The Washington Global Health Alliance and the City of Seattle’s Office of Economic Development has published a new report describing our region’s growing global health industry. Called the 2011 Global Health Strategic Mapping and Economic Opportunity Portfolio, the report identifies local organizations working in global health, the number of jobs, types of projects overseas and business opportunities. Some key findings:
- Respondent’s organizations have 2,503 projects and initiatives in 156 countries.
- In Washington, 2,979 people work in global health. Outside of the state, these 59 organizations support an additional 17,275 employees.
- Washington has particular expertise in infectious & chronic disease and developing technologies & devices.
- Washington global health organizations surveyed collaborate with 1,574 partners, located in 111 countries across the world.
UW Geography Professor Matt Sparke has received recent press and blogosphere attention with his essay on how Seattle’s reincarnation as a global health epicenter relates to its previous reputation as a center for the global justice movement after the anti-WTO protests of 1999:
Many people at the time thought the 1999 WTO protests marked a significant turning point, against the neo-liberal agenda in globalization. The ‘Spirit of Seattle’ became the rallying cry for those who opposed the market fundamentalism mindset of the time.
But, today, another global Seattle being built, says Sparke. Neither the promoters of market competition nor the collaborative proponents of global justice have gone away, but in the aftermath of their now-famous standoff, a third and arguably “curative” rethinking of the city is taking shape: a re-visioning of Seattle as a world center of global health philanthropy and other private-sector treatments for the mismatch between global markets and global justice.
As cited in the influential global health blog Humanosphere, Sparke argues that “The Gates Foundation is basically addressing the same global challenges that the protesters were. But they are doing it in a way that’s much more comfortable with and friendly to the traditional neo-liberal market-based approach.” In his chapter on “Global Geographies” in the department’s recent publication, Seattle Geographies, Sparke also warns of the “commodified” and “corporatized” vision of global health, “taking us back to the age-old competitive concern about promoting Seattle as a global health market leader”:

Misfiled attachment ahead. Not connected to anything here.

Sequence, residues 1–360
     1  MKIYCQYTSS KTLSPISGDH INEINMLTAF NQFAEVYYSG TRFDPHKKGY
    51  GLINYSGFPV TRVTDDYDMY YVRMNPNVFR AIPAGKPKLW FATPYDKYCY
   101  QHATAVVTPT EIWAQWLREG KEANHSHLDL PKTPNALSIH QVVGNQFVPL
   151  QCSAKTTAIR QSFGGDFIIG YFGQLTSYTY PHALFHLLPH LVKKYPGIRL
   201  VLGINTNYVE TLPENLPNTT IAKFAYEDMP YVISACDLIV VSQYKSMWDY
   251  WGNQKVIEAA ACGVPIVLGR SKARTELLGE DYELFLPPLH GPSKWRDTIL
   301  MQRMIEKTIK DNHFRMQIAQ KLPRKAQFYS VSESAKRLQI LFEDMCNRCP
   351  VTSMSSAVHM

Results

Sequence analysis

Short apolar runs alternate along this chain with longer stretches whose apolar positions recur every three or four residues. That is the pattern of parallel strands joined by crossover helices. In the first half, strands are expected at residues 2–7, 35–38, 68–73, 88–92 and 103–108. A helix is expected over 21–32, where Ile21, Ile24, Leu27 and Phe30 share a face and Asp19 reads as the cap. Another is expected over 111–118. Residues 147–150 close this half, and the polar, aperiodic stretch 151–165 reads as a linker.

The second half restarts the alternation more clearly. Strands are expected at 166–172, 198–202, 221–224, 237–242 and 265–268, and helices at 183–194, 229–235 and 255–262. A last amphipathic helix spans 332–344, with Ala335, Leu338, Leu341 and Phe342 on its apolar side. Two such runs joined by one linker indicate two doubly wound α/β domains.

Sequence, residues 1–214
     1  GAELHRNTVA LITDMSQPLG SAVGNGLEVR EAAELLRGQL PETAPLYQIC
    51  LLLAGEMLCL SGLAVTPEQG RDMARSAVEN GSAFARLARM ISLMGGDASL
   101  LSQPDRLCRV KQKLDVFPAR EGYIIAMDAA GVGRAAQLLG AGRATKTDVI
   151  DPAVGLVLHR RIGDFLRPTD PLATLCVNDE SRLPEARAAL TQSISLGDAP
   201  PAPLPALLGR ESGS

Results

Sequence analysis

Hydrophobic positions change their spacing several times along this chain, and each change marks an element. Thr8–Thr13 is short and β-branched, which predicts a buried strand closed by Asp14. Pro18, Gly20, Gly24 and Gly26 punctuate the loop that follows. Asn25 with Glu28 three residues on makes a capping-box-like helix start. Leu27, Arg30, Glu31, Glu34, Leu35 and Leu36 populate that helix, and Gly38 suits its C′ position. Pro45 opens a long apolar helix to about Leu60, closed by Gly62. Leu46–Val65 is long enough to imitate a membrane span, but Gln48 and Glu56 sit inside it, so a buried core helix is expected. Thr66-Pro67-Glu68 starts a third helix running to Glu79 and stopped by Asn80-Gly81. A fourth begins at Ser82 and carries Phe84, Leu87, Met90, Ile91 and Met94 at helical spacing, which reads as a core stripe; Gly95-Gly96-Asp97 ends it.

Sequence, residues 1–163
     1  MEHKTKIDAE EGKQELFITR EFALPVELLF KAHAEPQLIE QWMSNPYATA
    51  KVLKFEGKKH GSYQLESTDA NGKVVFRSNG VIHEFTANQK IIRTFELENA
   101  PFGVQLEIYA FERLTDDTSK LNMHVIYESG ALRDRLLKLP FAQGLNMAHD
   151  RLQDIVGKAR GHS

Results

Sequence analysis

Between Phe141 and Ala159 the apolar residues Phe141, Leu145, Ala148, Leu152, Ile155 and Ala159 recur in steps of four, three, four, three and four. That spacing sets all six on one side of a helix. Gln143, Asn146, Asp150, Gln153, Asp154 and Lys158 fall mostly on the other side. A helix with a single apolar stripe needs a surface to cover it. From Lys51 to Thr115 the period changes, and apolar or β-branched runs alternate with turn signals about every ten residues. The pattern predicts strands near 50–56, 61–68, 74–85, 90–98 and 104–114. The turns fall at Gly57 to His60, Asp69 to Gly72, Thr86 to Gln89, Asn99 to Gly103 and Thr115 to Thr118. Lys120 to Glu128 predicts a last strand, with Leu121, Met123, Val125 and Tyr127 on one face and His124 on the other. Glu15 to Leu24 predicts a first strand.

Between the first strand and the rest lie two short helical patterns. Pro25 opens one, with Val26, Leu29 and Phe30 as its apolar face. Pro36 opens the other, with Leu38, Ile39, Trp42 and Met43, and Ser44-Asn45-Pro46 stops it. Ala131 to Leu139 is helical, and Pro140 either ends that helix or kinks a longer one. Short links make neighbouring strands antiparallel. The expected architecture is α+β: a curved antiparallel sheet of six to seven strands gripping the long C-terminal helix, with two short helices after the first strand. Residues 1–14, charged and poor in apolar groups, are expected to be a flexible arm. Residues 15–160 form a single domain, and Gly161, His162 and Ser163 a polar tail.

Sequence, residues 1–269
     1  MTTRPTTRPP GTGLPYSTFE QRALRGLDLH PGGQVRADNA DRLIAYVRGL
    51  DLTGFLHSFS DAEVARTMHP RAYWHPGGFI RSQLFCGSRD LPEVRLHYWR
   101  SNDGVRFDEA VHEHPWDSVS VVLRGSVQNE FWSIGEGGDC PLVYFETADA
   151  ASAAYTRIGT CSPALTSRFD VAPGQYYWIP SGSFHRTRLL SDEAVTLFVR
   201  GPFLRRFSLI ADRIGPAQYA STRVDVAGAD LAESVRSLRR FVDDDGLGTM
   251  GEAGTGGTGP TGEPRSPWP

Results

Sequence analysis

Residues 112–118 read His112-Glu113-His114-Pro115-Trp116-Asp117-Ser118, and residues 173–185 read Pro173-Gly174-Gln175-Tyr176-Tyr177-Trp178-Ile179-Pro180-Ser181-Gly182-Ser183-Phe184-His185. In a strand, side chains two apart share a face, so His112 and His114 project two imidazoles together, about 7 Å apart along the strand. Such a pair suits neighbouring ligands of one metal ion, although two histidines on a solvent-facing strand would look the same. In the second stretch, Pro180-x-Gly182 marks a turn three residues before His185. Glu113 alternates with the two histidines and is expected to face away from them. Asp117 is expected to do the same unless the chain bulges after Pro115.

The co-optation of global health for selling the city in the old game of global boosterism will seem for many a bitter pill to swallow. But if the historical geography of Seattle’s ongoing remaking as a global city tells us anything, it is that the definition of civic citizenship is always in flux, always being contested, and always, therefore, up for grabs….Global soul is not always for sale, and this city reminds us that there is going to be a battle for it–an ongoing Battle of Seattle over the meaning of world class.
How the ‘Battle in Seattle’ led to a global health epicenter | Humanosphere.
Posthegemony and Affect
Friday, Oct 14, 2011 – 1:00 PM Communications 202
Beasley Murray is author of Posthegemony: Political Theory and Latin America (2010).
Indigenous Peoples and the Idea of Reconciliation
Thursday, Oct 20, 2011 – 4:00 PM Communications 12
In this presentation, Dale Turner, author of This is not a peace pipe: Towards a Critical Indigenous Philosophy (2006), will discuss the evolving idea of Indigenous reconciliation in the context of the recently ratified United Nations Declaration on the Rights of Indigenous Peoples.
Love Live Shame! The Good Side of Nations and Nationalism
Tuesday, Nov 8, 2011 – 6:30 PM Kane 120
Benedict Anderson (Emeritus, International and Government Studies, Cornell University).
This talk by the author of the landmark book Imagined Communities, addresses the origins of political shame and the value that should be attached to it. What creates the visceral attachment people feel for their country? Before which spectators is the emotion aroused? What understanding of “nation” is necessary? Can political shame is progressive and emancipating?
Friday, October 14